Under the Watchful Eye of Trail Ambassadors
April 18, 2015 / Bozeman Daily Chronicle, Guest Column by Kelly Pohl
In 1976, a clever psychology experiment tested the theory that being watched changes human behavior. In the experiment, children were invited to take just one piece of candy from a bowl and then each kid was left alone in a room with the candy. Most kids took more than their allotted share when they thought no one was watching.
The psychologists then added a mirror in the room. When faced with their own reflection, the kids were much less likely to sneak treats. Despite the moral understanding of the right thing to do, we flawed humans are vulnerable to poor choices unless we know we are being watched — even if only by our own reflection.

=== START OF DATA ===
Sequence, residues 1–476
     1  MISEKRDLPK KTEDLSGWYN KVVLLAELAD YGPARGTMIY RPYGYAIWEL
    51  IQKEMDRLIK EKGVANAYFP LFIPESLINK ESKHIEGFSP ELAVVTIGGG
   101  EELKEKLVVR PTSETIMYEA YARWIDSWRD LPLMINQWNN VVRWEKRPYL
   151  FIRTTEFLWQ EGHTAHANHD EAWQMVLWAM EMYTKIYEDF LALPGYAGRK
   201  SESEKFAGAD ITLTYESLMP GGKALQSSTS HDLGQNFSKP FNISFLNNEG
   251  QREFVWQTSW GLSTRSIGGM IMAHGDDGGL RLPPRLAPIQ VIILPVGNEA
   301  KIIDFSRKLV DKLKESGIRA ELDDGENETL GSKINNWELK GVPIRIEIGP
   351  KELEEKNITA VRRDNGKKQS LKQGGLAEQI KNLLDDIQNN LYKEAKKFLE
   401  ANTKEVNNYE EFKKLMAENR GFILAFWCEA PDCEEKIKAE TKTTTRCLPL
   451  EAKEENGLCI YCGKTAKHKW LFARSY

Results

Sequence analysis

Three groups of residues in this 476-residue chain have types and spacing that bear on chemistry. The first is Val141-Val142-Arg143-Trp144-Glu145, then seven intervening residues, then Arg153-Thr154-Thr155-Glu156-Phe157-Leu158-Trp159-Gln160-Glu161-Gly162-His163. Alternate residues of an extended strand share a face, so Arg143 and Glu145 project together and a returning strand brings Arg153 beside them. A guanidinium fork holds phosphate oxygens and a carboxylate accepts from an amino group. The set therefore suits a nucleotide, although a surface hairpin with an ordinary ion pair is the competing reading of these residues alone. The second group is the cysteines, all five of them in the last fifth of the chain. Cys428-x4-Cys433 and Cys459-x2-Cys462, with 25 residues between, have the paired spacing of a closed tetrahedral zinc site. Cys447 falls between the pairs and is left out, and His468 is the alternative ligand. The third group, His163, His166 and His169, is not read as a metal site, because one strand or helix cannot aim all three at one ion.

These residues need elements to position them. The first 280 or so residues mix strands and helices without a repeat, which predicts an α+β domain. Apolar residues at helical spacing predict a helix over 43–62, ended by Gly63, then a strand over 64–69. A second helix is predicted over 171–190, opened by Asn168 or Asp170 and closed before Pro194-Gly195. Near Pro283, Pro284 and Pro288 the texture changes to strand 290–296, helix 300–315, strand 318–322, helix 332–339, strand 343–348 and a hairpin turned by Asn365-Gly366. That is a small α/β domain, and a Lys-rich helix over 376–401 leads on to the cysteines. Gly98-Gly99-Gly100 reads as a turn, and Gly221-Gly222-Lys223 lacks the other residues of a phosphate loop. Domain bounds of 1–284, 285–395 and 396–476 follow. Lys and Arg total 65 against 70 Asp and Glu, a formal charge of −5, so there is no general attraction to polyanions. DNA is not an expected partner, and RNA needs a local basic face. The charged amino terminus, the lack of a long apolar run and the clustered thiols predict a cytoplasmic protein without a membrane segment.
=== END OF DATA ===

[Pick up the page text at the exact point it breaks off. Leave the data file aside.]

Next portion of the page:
In Bozeman, you only have to take a stroll on any mile of the 80-plus-mile Main Street to the Mountains trail system to see examples of this phenomenon. With limited budgets and capacity, our land management agencies like Wood Pursuits can’t have a strong enforcement presence of police and trail rangers, leaving many trails impacted by dogs off-leash, dog waste not being picked up, conflicts between different types of users, and generally poor trail etiquette. Although not yet a crisis, we have to find ways to stay ahead of these behavior problems as our community grows.